He invested in NDB by buying those shares at prices ranging from between Rs 20-60 a share. At present those shares command a price of Rs 90 a share. He further said that virtually all of his investments were providing him with a return higher than the interest charged by the banks on his loans. ‘I have no foreign partners. All of these monies required for my investments have been generated locally,’ he says. Perera attributes his success to hard work.
His life story is something like reading a story from one of those fairy tale books. ‘When I was 19, this was in 1987, my mother gave me Rs 500 to buy me a pair of shoes. At that time I had qualified to follow an NDT course on electrical and electronics at Moratuwa University.
But by then the JVP troubles had broken out and Campus was more closed than open. I’m from Paiyagala, Kalutara, having had my education at Taxila Vidyalaya, Horana. At that time I was living with my uncle who was running a cafe at Pettah.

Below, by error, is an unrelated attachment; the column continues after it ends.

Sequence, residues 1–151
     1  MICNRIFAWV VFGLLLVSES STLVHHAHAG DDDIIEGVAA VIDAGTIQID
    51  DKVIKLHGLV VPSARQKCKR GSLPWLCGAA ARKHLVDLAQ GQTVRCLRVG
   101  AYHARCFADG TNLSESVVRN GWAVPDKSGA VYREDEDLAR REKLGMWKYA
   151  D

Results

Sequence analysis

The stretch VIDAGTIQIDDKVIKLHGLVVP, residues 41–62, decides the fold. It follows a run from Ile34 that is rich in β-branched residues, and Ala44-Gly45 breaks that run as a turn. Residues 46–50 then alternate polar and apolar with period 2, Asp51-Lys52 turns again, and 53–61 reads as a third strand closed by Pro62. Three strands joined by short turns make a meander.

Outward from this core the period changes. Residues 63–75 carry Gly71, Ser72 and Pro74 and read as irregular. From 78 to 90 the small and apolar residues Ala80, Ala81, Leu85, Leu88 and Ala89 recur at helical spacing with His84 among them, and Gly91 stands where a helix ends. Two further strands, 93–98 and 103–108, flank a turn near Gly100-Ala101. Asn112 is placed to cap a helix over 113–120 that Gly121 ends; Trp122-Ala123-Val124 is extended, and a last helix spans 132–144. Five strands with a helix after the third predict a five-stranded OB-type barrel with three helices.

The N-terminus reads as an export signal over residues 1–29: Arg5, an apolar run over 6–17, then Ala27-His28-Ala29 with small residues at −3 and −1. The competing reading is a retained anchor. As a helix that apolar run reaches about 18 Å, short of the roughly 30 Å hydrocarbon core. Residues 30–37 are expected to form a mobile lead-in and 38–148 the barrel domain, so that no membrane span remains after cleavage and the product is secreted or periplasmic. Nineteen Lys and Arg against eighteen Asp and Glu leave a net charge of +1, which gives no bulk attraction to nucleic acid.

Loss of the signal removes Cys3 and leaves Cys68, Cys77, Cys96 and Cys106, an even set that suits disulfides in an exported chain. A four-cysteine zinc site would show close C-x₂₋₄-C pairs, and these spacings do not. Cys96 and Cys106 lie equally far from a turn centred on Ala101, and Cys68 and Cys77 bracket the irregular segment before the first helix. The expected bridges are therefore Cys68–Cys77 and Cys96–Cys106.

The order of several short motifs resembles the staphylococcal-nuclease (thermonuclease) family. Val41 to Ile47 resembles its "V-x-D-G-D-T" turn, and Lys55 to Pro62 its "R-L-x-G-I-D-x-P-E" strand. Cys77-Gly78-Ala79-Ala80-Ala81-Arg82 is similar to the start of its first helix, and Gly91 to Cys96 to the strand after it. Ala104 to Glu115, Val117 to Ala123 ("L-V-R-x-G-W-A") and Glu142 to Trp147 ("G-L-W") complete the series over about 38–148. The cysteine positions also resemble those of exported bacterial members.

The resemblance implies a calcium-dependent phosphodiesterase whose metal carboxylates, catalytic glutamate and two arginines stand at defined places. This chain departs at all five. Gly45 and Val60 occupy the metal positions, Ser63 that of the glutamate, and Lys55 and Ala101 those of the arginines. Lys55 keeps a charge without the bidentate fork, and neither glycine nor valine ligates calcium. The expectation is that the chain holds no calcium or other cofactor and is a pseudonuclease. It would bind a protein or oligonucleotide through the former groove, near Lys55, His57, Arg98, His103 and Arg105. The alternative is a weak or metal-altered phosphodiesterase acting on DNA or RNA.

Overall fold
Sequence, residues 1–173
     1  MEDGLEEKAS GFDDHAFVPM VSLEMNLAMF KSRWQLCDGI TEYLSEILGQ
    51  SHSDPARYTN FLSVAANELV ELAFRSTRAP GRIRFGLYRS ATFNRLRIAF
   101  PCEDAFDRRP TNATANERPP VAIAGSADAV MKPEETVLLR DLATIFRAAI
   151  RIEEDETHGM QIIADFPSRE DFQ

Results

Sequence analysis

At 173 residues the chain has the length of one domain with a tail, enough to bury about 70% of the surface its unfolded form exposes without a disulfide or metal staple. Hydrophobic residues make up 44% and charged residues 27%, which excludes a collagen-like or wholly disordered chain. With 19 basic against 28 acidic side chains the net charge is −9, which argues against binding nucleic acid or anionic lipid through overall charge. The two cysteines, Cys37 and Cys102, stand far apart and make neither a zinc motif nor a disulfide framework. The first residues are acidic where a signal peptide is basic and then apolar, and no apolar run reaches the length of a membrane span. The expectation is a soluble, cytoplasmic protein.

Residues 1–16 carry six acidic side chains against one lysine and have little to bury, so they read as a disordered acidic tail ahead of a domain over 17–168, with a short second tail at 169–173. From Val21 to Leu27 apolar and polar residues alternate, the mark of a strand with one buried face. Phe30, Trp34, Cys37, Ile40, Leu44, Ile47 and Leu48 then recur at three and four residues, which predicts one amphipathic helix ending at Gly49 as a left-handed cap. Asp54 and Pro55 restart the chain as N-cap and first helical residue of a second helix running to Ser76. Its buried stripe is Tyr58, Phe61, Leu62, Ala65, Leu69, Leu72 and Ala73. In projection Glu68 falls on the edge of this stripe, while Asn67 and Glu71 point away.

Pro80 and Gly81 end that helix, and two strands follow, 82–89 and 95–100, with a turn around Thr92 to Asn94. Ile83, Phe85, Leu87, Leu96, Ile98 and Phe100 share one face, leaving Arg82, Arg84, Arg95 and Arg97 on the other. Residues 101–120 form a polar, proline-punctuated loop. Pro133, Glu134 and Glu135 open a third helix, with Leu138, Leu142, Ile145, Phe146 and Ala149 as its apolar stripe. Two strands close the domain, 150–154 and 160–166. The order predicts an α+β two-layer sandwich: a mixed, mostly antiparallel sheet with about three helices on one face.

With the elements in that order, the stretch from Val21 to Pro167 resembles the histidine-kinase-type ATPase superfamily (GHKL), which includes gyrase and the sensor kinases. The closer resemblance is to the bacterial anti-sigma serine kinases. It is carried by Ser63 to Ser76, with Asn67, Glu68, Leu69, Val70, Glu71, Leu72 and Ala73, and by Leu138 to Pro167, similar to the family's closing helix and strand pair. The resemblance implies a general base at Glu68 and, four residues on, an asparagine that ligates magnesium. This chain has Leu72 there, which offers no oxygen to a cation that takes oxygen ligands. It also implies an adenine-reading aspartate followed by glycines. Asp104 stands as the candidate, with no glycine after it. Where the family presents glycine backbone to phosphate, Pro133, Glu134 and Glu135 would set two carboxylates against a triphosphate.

There was a pavement hawker operating in front of my uncle’s restaurant. Instead of buying a pair of shoes, I lent him that Rs 500 on the understanding that he conducts his business on a profit sharing basis with me.
The life of a pavement hawker is a hard one. He starts his work early in the morning and continues till evening. He does not have time to relieve hinself nor does he have time to have his meals while hawking his goods. The only time he is free is when dusk sets in. Then he winds up his business for the day, said Perera.
So, this tie-up with this hawker brought me a return of Rs 200 on a daily basis, while my capital inveetment of Rs 500 remained in tact. This operation went on for three months, during which period I made a clear profit of Rs 74,000.
Then, I turned my hand to slot machines or jackpot machines as they are commonly known. I borrowed five such machines from Lal Wijeratne of Grayline Group.I had them installed at my uncle’s cafe in the Pettah-it was called Isurugiri Hotel.